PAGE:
History of the Colorado Women’s Golf Association
March 14, 1916, a group of eight women came together to form the Colorado Women’s Golf Association. Those present were Mrs. Olyn Hemming and Mrs. Arthur Perkins (Colorado Springs GC); Mrs. Frank Bishop and Mrs. Charles Redmond (Lakewood CC); Miss Eleanor Bulkley and Miss Helen Wells (Denver CC); Miss Frances Moffat (Interlachen GC*) and Mrs. Edwin Morrison (City Park GC). During a meeting this group, representing five clubs, elected a president, adopted the constitution and bylaws, and wrote the association’s objectives and purpose.
The stated purpose of the CWGA, unchanged to this day was: “To promote and maintain the best interests of the game of golf; to hold golf tournaments; and to promote good fellowship among member clubs”. Also at this meeting, the site for the first CWGA annual championship was selected. The Colorado Women’s Golf Association was launched.
Upon request of the CWGA’s first president, Mrs. Hemming, women’s par was established for the association in April 1916. The following criteria was suggested by the Women’s Western Golf Association: any hole under 150 yards, par 3; 150 to 285 yards, par 4; 285 to 420 yards, par 5; 420 to 550 yards, par 6; over 550 yards, par 7.
In September 1916, the first CWGA championship was played at Colorado Springs Golf Club. Dressed in mid-calf skirts, belted hip-length sweaters or jackets, and a variety of millinery creations, 28 women journeyed to Colorado Springs to compete in this event. Mrs. R.H. Douglass of Lakewood was Medalist with a 97, while Mrs. M.A. McLaughlin, also of Lakewood, holds the distinct honor of being the first State Match Play Champion. At this tournament, it was thought that husbands or sweethearts would enjoy a little outing as well as a chance to gallery the matches. This practice was soon discontinued…the large gallery made the players too nervous and bothered.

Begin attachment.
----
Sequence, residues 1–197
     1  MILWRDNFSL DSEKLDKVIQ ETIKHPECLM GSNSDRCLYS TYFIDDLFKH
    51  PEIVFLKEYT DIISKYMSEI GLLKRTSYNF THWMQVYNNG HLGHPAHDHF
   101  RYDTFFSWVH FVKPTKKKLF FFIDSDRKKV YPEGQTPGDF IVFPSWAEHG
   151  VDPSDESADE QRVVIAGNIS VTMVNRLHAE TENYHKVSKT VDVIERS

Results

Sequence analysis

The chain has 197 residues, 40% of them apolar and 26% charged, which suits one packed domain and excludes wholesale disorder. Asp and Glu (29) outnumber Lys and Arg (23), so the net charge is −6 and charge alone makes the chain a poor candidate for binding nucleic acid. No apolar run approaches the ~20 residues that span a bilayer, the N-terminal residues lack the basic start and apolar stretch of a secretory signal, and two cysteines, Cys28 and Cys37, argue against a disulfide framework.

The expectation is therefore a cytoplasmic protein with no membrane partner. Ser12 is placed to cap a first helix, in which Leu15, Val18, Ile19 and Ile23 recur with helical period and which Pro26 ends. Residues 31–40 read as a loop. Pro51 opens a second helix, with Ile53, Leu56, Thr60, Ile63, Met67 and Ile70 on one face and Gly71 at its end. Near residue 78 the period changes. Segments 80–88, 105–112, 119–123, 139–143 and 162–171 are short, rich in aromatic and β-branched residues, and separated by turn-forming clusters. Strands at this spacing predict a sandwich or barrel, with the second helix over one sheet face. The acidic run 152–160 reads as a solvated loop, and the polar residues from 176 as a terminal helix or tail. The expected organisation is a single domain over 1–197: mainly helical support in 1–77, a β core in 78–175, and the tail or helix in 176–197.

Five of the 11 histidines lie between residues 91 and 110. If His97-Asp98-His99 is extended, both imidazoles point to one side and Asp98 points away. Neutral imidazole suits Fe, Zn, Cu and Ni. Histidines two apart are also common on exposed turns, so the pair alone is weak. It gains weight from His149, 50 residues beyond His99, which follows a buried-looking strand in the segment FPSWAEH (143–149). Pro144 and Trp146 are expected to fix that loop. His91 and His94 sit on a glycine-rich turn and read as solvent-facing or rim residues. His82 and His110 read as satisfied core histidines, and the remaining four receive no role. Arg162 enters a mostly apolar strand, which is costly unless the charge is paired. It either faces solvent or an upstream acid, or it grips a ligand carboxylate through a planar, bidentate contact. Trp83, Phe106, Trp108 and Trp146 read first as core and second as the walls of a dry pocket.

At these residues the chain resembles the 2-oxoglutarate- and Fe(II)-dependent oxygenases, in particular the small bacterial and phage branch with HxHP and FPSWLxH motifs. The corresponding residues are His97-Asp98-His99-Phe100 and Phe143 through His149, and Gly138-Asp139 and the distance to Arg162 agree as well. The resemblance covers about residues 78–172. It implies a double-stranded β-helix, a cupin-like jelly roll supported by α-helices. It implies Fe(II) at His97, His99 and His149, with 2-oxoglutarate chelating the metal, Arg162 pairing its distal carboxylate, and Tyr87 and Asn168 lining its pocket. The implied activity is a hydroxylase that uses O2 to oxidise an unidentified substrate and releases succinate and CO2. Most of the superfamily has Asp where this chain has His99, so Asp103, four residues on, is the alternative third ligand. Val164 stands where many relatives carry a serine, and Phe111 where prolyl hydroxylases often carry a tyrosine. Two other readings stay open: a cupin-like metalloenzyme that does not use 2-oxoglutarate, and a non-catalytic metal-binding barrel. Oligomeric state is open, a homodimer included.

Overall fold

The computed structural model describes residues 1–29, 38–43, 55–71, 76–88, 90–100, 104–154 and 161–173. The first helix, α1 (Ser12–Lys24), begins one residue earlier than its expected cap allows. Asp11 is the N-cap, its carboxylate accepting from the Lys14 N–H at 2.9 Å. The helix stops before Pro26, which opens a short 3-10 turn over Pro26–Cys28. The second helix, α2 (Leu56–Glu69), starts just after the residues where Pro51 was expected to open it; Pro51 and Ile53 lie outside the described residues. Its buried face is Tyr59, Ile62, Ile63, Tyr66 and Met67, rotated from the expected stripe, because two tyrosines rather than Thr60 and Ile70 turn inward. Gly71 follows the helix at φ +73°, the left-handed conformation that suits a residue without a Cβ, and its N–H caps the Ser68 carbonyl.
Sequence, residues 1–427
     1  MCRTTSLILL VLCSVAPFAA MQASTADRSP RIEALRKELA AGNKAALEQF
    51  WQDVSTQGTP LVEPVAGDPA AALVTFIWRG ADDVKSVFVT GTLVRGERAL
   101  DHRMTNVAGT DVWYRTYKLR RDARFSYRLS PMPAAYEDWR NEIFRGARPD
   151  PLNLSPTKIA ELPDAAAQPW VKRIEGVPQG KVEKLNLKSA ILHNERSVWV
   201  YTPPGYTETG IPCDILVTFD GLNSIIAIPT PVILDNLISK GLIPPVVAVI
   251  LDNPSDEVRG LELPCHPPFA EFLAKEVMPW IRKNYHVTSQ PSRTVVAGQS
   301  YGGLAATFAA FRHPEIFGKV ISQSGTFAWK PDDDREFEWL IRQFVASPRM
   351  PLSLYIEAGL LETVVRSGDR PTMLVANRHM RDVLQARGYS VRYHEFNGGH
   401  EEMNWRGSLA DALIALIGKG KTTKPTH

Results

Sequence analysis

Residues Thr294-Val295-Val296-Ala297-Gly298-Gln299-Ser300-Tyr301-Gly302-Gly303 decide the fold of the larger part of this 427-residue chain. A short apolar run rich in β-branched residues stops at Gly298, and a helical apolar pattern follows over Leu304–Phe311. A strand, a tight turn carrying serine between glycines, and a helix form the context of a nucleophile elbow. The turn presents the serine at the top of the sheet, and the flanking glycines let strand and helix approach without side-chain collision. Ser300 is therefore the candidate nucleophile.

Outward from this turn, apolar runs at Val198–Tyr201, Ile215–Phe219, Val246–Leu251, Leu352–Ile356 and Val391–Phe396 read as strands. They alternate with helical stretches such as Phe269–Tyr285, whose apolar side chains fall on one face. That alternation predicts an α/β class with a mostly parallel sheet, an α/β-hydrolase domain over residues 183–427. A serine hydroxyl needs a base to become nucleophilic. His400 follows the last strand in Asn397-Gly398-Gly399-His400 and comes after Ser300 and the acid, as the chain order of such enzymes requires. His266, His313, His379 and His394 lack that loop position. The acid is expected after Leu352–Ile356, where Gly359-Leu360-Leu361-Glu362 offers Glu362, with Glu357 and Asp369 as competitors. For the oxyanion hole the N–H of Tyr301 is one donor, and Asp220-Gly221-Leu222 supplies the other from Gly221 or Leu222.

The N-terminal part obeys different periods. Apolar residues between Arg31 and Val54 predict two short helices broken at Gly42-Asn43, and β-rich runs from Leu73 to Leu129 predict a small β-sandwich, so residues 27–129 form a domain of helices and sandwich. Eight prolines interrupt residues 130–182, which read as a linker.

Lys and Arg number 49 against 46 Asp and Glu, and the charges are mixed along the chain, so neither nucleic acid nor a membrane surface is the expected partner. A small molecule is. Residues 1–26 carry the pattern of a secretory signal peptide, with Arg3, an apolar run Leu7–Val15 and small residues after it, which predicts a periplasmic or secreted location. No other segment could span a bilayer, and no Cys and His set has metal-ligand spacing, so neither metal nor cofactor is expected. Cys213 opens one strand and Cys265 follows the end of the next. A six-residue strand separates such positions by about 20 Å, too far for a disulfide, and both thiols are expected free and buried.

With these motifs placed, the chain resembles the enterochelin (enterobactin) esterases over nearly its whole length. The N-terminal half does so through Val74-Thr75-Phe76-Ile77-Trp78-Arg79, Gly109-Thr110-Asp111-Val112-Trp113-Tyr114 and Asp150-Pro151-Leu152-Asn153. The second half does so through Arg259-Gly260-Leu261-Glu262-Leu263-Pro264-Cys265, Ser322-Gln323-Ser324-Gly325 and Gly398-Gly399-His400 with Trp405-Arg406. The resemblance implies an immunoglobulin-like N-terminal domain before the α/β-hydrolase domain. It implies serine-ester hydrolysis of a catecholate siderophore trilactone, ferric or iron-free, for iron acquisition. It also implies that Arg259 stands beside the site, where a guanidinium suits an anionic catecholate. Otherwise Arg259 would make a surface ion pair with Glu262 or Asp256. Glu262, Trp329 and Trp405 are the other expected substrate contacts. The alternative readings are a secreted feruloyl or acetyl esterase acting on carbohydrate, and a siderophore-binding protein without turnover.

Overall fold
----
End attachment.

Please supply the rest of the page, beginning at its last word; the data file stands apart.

These early years were during World War I and the war effort was a worthy cause for association revenues. The tournament entry fee for the Second Annual CWGA Championship was $2 per player. The total revenue from the tournament was $84 and the entire sum was handed over to the Mountain Division of the National Red Cross. During World War II, the CWGA gave Defense Bonds and Stamps as trophies in the State Tournament. A transportation committee was formed at each club for its members participating in the tournament in order to conserve tires and gasoline.
While the CWGA has had its share of standout tournament performers, it has always been equally concerned about making its championships fun and fair for everyone. From 1921-1923, the CWGA adopted a unique method of payment in the annual Championship. The tournament entry fee was “one cent a stroke for the qualifying round, but not to exceed one dollar and a half” (Oh! The Good Old Days!). The Women’s Western Golf Association lowered par when the larger and lighter golf ball became official in 1931, and the CWGA complied. Thus, par 7’s no longer existed. The lowest 16 qualifiers were, and still are, the Championship Flight in the Match Play Tournament. At a 1921 meeting, it was “duly moved” to set a Solace Flight for the defeated eight and “to have as many flights of eight as would be necessary so that all who entered would qualify.” Another decision provided that everyone play every day during the tournament, so a Special Consolation Flight of 18 holes (with handicap) was declared.